Students compete in read-a-thon |

Students compete in read-a-thon

St. Theresa School students who read more than 2,000 pages each in the school's read-a-thon are, from left, Hunter Turney, Bailey Conant and Grace Rosburg.

Nothing could stop St. Theresa students from reading above and beyond their regular reading assignments two weeks prior to Easter vacation. Although their motivations for doing so were not necessarily the same, their efforts supported a common goal for the school.

Reading specialist Kelley Welykholowa (Ms. Welly) spent the past two months organizing a read-a-thon, with the goal to raise enough money to support the school’s reading program by purchasing a comprehensive leveled reading library for all students.

“Some people had doubts about how motivated students would be and how much they would try to raise. But, I am an optimist. All it takes is someone telling me it can’t be done and I tell them I’m going to give it a try. ‘Can’t’ is not a word I let my students use in their vocabulary,” she said.

Welykholowa should know about motivating students. Before coming to St. Theresa School she worked for Alpine County School District, teaching extended-day kindergarten and first-grade reading. Rather than just accepting the challenges there she tackled them head on, earning the respect not only of her students, parents and colleagues, but also recognition from the state of California. She received the California Kindergarten Association’s Teacher’s Award of Excellence for her success with her students in reading and was selected to be on the California Kindergarten Association’s board of directors. Now a part time reading specialist at St. Theresa, she is enjoying more success there and loving the job.

“The staff truly cares about the students and being that we are small I am able to not only give but also get feedback from teachers and parents on a regular basis. This is why I wanted to work here. It reminds me of my old school in Alpine County. You can really make a noticeable difference,” Welykholowa said.

In order to motive students for the read-a-thon she embraced the community.

“She worked numerous hours beyond her normal schedule getting prizes and donations from local business,” said Diane Yarrow, school secretary. “Without her hard work and dedication there is no way this program would have been successful.”

Welykholowa, who credits the community, said, “I am so thankful and grateful for their support with our fundraiser. Without them this read-a-thon would not have been possible.”

Third-grade teacher Jen Seely helped organize the prizes and prepare the packets. A Wall of Fame was posted within the school, showcasing potential prizes and offering a wild card raffle for students not making the top five in their class. Students were drawn to the wall, looking at the items.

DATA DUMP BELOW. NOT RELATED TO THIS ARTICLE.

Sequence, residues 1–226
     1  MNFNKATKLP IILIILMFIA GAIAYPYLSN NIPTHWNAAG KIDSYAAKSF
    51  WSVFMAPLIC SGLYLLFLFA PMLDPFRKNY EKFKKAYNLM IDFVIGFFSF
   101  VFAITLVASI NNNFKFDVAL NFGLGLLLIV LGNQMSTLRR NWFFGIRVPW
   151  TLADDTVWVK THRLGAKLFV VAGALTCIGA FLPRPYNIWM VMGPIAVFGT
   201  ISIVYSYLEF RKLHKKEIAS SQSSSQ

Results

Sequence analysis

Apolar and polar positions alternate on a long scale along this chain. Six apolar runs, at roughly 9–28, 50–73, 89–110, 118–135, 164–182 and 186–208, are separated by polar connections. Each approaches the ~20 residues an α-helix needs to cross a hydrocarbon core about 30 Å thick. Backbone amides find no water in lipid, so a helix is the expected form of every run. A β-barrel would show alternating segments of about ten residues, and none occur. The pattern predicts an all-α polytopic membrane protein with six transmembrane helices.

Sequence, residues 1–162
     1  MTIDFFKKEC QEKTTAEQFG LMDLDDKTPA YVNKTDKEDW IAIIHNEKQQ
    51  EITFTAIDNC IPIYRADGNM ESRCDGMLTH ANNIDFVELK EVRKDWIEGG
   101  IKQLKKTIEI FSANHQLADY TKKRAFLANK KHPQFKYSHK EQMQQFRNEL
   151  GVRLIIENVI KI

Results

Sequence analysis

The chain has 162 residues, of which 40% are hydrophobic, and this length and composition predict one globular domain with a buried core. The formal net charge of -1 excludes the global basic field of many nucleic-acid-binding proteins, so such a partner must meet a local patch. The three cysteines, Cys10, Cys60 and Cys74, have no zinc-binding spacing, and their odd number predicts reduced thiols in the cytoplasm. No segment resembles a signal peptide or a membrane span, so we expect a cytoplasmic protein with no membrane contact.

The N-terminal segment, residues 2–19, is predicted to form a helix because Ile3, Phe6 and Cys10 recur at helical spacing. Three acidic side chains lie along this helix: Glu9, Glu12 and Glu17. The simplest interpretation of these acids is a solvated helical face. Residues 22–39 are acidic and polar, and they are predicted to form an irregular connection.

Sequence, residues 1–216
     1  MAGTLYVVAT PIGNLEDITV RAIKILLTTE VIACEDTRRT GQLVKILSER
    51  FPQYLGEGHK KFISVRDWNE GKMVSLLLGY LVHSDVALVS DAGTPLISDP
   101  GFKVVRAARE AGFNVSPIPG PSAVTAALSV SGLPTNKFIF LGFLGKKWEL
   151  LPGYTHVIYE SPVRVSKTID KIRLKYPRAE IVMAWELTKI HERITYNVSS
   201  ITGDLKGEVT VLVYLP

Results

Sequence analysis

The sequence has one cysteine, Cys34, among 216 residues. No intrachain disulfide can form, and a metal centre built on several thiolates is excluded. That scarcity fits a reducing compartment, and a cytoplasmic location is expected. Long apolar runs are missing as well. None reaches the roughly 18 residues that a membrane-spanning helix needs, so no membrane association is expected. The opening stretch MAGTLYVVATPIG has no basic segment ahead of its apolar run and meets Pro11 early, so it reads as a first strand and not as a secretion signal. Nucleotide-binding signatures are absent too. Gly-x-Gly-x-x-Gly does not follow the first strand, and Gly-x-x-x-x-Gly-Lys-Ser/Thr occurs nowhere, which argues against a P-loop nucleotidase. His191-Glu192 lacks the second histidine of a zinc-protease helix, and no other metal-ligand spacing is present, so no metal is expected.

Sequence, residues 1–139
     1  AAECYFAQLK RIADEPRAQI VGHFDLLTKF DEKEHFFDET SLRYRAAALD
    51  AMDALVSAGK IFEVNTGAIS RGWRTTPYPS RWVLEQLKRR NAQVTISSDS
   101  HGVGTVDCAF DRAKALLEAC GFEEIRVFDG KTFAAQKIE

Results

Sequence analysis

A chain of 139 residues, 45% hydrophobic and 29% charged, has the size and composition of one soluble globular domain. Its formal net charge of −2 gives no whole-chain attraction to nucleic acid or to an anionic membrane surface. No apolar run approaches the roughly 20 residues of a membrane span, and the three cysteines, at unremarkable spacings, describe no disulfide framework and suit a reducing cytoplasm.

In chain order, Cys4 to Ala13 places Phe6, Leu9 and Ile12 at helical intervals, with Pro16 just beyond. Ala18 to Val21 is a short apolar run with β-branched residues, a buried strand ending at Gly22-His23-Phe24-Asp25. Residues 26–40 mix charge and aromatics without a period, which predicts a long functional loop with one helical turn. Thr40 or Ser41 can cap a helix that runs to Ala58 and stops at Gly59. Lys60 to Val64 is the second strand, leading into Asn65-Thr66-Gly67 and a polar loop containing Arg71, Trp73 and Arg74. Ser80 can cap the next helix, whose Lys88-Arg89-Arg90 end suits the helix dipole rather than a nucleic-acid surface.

“You mean that all we have to do is read and we get stuff,” asked seventh-grader Ashle Meyer, when the read-a-thon was explained to her class. “That’s easy,” she said.

Ashle ended up topping her class for the number of pages read, with 2,061. But, the highest honor at the school belonged to third-grader Grace Rosburg. Extremely inspired, she read 2, 954 pages in the two-week period. For Grace the reading served a double purpose as it improved her speech. Her mother made her read many of the books out loud.

“The speech teacher asked me what we’d been doing differently with her the past two weeks and I explained how Grace had been reading like crazy for the school read-a-thon,” Charlotte Rosburg said. “It has been very exciting to see her progress in this area and watch her gain confidence.”

For Welykholowa stories like these are the ones that make her feel the read-a-thon was a success. Even the preschool participated, with parents counting the pages they read to their child.

“Reading to your child is the number one indicator for success in learning to read,” Welykholowa said. “You just can’t do it enough.”

For some parents how much they read to their child came as a surprise.

“I never knew how much we read to her until we had to actually write it down,” said Elizabeth Babbit, a preschool parent.

Other parents also expressed surprise with their child’s efforts.

“She kept reading at the dinner table and I had to tell her to put it away,” said Kelly Shanahan. “I couldn’t believe how many page she read. I was in shock.”

As far as the read-a-thon’s financial success, students worked hard to obtain pledges for their effort. Donors gave either a flat fee or an amount per page read. The school’s initial goal was reached.

“When Kelley came to me with this idea I embraced it whole-heartedly,” said principal Danette Winslow. ” As a former third-grade teacher I always put a strong emphasis on reading. I am thrilled with the motivation our students exhibited toward the read-a-thon and I am touched by the generosity of those who contributed. Plans are now under way for supplementing a leveled reading library for students.”

“We still have a little way to go financially,” Welykholowa said, “But, we are on the right track and can now begin adding to our reading program. I can’t wait to get started.”

Knowing Welykholowa, she won’t wait very long.

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